U.S. Secretary of the Interior Deb Haaland joined Nevada Reps. Dina Titus (left) and Susie Lee in Las Vegas Sunday to highlight how the newly enacted infrastructure act would benefit the West. (Photo: Jeniffer Solis)
With President Biden last month signing a historic $1 trillion infrastructure bill into law to fortify roads, bridges and waterways, among other things, Western states stand to gain major water infrastructure investments.
On Sunday, U.S. Secretary of the Interior Deb Haaland joined Nevada Democratic Reps. Susie Lee and Dina Titus in Las Vegas to tout the Biden administration’s bipartisan Infrastructure Investment and Jobs Act that includes more than $50 billion for water infrastructure programs.
Haaland opened her remarks with a land acknowledgement of Las Vegas as the ancestral land of the Pauite people. Haaland pledged federal resources and cooperation with state, local, and tribal governments.
“Unfortunately drought conditions in the West continue to worsen and water allocations are at historic lows,” Haaland said. “Drought doesn’t impact just one community, it affects all of us.”
The bill includes $8.3 billion for water and drought resilience that will fund water efficiency and recycling programs, rural water projects, and WaterSMART grants.
Haaland also highlighted the $2.5 billion in Indian water rights settlements the law provides to help Interior fulfill its obligations to tribes. Those settlements will help tribes build clean water infrastructure, a much needed investment. Native American households are 19 times more likely to lack piped water services than white households, according to a report from the Water & Tribes Initiative.
“We at the department are committed to upholding our trust responsibilities and delivering long promised water resources to tribes,” Haaland said.
The infrastructure act guarantees $450 million for water recycling projects within the Bureau of Reclamation’s seventeen western states.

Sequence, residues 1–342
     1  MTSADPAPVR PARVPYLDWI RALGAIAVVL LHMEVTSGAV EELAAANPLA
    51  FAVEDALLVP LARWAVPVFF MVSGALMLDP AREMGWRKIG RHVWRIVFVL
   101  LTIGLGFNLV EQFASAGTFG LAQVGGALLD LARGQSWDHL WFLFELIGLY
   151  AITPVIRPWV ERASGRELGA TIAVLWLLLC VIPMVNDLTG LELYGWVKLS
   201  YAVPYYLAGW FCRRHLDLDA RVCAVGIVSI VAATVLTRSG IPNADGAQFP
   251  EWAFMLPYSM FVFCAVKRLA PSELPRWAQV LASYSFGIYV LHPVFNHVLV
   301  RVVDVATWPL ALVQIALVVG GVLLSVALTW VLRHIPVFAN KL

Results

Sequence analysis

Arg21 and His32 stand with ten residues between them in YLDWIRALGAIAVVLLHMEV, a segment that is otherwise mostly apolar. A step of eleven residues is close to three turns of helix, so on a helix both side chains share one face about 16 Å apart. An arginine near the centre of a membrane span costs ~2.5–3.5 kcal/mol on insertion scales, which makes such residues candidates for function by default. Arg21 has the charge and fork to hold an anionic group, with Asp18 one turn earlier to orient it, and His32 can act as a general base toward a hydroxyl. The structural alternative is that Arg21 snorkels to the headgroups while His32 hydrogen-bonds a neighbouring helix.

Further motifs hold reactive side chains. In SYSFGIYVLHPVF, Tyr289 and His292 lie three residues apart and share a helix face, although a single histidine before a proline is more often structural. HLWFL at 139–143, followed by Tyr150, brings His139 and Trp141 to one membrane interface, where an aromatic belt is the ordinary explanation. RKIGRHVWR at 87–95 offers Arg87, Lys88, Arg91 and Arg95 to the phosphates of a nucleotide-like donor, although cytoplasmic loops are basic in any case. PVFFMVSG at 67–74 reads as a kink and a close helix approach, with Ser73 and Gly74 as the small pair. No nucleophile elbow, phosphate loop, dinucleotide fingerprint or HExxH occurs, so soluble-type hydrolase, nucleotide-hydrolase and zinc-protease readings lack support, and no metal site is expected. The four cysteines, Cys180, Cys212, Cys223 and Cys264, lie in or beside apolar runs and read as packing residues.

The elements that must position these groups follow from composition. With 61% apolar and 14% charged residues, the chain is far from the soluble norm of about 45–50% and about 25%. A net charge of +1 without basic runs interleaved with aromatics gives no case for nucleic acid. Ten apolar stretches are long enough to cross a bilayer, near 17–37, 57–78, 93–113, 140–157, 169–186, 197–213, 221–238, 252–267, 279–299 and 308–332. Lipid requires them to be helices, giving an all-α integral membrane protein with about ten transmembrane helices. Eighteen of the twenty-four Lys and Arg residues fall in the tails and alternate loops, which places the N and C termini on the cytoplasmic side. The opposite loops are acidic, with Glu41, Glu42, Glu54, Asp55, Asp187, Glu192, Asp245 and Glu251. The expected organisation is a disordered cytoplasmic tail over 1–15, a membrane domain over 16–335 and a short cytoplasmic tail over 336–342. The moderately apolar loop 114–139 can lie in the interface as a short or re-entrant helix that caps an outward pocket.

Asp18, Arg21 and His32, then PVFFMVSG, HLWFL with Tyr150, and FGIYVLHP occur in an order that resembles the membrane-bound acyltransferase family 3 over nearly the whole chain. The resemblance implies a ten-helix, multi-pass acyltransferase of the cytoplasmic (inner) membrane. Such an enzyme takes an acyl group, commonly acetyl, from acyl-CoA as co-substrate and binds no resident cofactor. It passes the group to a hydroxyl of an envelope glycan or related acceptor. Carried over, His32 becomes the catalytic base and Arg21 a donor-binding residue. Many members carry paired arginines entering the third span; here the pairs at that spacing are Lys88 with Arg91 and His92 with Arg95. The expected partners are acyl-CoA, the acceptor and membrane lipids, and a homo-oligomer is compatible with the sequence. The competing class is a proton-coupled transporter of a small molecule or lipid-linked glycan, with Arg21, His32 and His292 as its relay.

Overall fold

Lee was one of the original sponsors of the water recycling provision, which establishes a competitive grant program within the Department of the Interior for water recycling projects that have a total estimated cost of at least $500 million.
The grant could help fund a regional water recycling project that will produce enough water to serve more than 500,000 households in Southern Nevada and California.
“We know that climate change means less precipitation and less water in the Colorado River Basin,” Lee said during the press conference at the Spring Preserve. “It is going to be a regional approach and we’re going to have to make some tough decisions here in the future.”
Lake Mead, the largest reservoir on the Colorado River, hit record-low water levels earlier this year, triggering the first-ever officially declared water shortage in the Colorado River Basin. The reservoir supplies water to 25 million people across Nevada, Arizona, and California.
Since 2000, Lake Mead has fallen 130 feet and lost 60% of its volume, a result of the ongoing drought and continued water withdrawals by cities and agriculture.
Nevada is set to receive $71.6 million from the Infrastructure Investment and Jobs Act to help Nevada communities and tribes upgrade drinking and wastewater systems across the state in 2022 in the first round of water infrastructure funding. Funding will be distributed through the EPA. The final allotment of funds to specific tribes, communities, and regions will be up to the state of Nevada.
Titus argued strengthening western states ability to recycle water and manage irrigation will cut dependence on Lake Mead.
Despite Las Vegas being one of the fastest growing and fastest warming metropolitan areas, the city has also had “one of the best stewardship programs of our water,” said Titus.
“But you certainly have to take into account planning around growth and water shortage. That will be our challenge in the future,” Titus said.
The lawmaker also praised the bill’s funding to tackle wildfire resilience, drought management, conservation efforts, and other problems made more difficult by climate change.
Experts in government, agriculture, water management and the environment have stressed the danger that droughts fueled by climate change pose in the West, including the Colorado River Basin.
The law provides $1.5 billion for Interior wildfire resilience programs. It also appropriates $16 billion for legacy pollution cleanup and another roughly $16 billion for reclaiming abandoned mines and plugging uncapped oil and gas wells.
Officials said conversations and announcements on water agreement would continue at the Colorado River Water Users Association conference this week in Las Vegas.
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